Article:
Report: CAA tournament moving to Baltimore


Sources have told Jeff Goodman of Eye on College Basketball that the Colonial Athletic Association will move its annual postseason tournament to Baltimore starting in 2014.

The move is not particularly surprising. The league was historically heavy on Virginia-based schools, so the Richmond Coliseum made sense as a central location. It was never, as league officials would disingenuously claim, a neutral location. When the final game featured VCU, Old Dominion or George Mason, final-day attendance soared. Especially if two of the league’s local powers squared off against one another for the auto-bid, as has happened five times since the turn of the millennium. Only twice in that same time period has a CAA title game been played without one of the league’s big three on the court.

With VCU gone to the A-10, and Old Dominion heading off to C-USA, the epicenter of the league has clearly shifted. The only member of the big three to stay put is George Mason (so far), so the notion of moving the league tourney into their territory would seem to be a logical decision.

In addition, the Baltimore/Washington D.C. metroplex is more populous, has more attractions and is, as Goodman points out, easier to get to for fans of every team. Fans of Boston’s Northeastern Huskies or Hofstra’s Pride had to take two flights to get to Richmond more often than not (and, unsurprisingly, didn’t do so in great numbers), but will find a direct flight to Baltimore easier and cheaper. Fans of JMU, Drexel, Delaware and W&M will not be particularly inconvenienced, and supporters of Mason and Towson will be able to take public transportation to the games now.

Dig UNC-Wilmington or incoming member Charleston? Well, you’re getting the short end of the stick. It’s a fair cop, society’s to blame.

Essentially, there’s not much point in getting attached to any particular team, building, city or iteration of reality as long as realignment rages unchecked. Richmond today, Baltimore tomorrow, Sheboygan the next? Stranger things have happened.

2018 NCAA Tournament: Sweet 16 betting odds and national title futures

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With four more top threes falling out of the NCAA tournament on Sunday, here are the updated national title futures and betting odds in the NCAA tournament.

Odds via

Villanova: 4/1
Duke: 6/1
Michigan: 8/1
Kentucky: 8/1
Kansas: 10/1
Gonzaga: 12/1
Purdue: 15/1
West Virginia: 22/1
Texas Tech: 25/1
Nevada: 100/1
Texas A&M: 100/1
Loyola Chicago: 100/1
Clemson: 125/1
Kansas State: 125/1
Syracuse: 125/1
Florida State: 150/1

No. 5 West Virginia earns blowout win over in-state rival No. 13 Marshall

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West Virginia completely dominated in-state rival and No. 13 seed Marshall for a 94-71 second-round win in the NCAA tournament on Sunday night.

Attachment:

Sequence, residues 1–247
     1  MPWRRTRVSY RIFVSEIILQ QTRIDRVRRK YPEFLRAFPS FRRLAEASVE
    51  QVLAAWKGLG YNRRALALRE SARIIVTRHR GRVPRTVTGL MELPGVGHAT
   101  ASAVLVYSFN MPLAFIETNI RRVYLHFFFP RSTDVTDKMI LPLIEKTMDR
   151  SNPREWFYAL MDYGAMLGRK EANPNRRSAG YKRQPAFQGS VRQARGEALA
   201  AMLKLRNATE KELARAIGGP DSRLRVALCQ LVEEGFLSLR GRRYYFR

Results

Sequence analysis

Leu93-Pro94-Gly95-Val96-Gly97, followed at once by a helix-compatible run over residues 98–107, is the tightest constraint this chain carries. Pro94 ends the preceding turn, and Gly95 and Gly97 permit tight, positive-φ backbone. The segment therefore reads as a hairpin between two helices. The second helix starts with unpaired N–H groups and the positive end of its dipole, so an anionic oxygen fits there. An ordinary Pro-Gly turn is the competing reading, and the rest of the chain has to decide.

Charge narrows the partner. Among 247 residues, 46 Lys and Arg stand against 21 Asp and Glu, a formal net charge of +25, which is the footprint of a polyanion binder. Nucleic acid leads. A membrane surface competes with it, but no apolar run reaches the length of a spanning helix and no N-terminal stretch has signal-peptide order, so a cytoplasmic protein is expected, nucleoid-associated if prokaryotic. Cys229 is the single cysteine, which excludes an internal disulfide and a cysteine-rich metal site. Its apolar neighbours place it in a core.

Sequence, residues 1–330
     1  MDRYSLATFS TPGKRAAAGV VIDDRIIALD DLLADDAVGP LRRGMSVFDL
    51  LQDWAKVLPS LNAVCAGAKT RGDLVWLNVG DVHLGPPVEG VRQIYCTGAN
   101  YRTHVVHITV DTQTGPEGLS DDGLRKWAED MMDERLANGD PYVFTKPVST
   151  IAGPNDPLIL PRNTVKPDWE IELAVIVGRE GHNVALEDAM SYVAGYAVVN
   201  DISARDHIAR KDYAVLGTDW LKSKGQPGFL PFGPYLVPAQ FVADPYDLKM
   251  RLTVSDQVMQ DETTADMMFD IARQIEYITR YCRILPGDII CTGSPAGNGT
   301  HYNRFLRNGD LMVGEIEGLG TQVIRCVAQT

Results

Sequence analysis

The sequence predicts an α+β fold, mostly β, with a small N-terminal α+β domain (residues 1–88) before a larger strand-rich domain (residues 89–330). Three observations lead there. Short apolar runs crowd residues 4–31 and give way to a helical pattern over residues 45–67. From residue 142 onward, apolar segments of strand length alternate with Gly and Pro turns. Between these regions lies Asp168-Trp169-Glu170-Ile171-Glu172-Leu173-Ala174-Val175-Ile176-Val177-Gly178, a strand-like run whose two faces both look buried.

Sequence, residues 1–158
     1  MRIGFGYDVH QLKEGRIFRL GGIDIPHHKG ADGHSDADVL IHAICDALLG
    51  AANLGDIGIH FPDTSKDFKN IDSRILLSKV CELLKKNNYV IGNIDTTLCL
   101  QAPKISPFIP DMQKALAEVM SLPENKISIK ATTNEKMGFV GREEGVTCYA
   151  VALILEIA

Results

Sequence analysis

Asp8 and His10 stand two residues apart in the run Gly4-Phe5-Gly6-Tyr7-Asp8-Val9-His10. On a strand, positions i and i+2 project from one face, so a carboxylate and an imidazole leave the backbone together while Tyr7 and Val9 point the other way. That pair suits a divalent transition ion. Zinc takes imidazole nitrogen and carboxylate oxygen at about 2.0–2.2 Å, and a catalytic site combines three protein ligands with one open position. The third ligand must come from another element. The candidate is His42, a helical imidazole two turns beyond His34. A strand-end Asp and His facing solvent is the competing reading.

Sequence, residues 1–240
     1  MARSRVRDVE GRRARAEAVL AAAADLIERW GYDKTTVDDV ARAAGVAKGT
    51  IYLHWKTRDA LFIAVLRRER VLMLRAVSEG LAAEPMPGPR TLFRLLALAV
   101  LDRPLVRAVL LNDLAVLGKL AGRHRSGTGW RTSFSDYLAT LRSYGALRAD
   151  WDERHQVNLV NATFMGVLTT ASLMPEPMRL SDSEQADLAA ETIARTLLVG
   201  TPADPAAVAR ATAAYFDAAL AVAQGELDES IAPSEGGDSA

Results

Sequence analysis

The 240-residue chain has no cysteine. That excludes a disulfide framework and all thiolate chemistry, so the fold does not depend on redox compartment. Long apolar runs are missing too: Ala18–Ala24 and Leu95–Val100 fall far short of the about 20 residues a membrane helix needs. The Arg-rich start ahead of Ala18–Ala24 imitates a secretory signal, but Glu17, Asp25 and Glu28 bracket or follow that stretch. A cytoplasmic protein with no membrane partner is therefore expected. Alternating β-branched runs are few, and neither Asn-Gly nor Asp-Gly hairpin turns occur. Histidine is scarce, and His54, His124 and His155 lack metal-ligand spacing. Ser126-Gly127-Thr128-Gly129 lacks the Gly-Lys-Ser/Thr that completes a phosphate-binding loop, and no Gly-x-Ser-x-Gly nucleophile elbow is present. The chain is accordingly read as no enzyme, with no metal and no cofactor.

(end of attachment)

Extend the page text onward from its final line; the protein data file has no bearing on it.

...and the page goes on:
The No. 5 Mountaineers (26-10) made it back to the Sweet 16 for the second straight campaign, and for the third time in four years, as senior guard and All-American Jevon Carter had another monster outing with 28 points, five assists, four rebounds and four steals.

West Virginia went 12-for-25 from three-point range and crashed the glass for 15 offensive rebounds during an impressive offensive performance. It’s also notable that head coach Bob Huggins changed up his defensive approach during some of this game from the usual “Press” Virginia. Going to a 1-2-2 zone to disrupt Marshall’s high-powered offense, 6-foot-8 Lamont West was stationed at the top of the zone as his length gave the Thundering Herd offense issues.

West Virginia, and Carter in particular, look like they mean business with the way they played this opening weekend. While many teams in the field had either upset losses or close scares, the Mountaineers won by an average margin of victory of 20 points in two wins this weekend. West Virginia only faced a No. 12 and No. 13 seed, but the Mountaineers never let off the gas the entire weekend.

Marshall (25-11) was a fun team to watch in this tournament because of its uptempo offense and propensity to shoot deep three-pointers. America learned about junior guard Jon Elmore and his ridiculous range in the Thundering Herd’s upset win over No. 4 seed Wichita State on Friday afternoon.

But Elmore (15 points) and fellow guard C.J. Burks (12 points) struggled to knock down shots in this one as they combined to go 7-for-27 from the field on Sunday. Ajdin Paneva led Marshall with 18 points as he was the team’s only consistent offensive option.

The Thundering Herd were blown out by a superior team on Sunday, but Dan D’Antoni’s ballclub was one of the most pleasant surprises of this tournament. After winning the Conference USA tournament and eliminating the Shockers in the Big Dance, D’Antoni has established some legitimate credibility for his program. And with minimal seniors on the roster, Marshall could be in position to make another run to the tournament next season.

With the win, West Virginia advances to play No. 1 seed Villanova in the East Regional in Boston on Friday night. After getting multiple chances to tie the game on the final possession and failing to convert during a memorable loss to No. 1 seed Gonzaga in the Sweet 16 last season, the Mountaineers will have a lot of motivation when they tip against the Wildcats.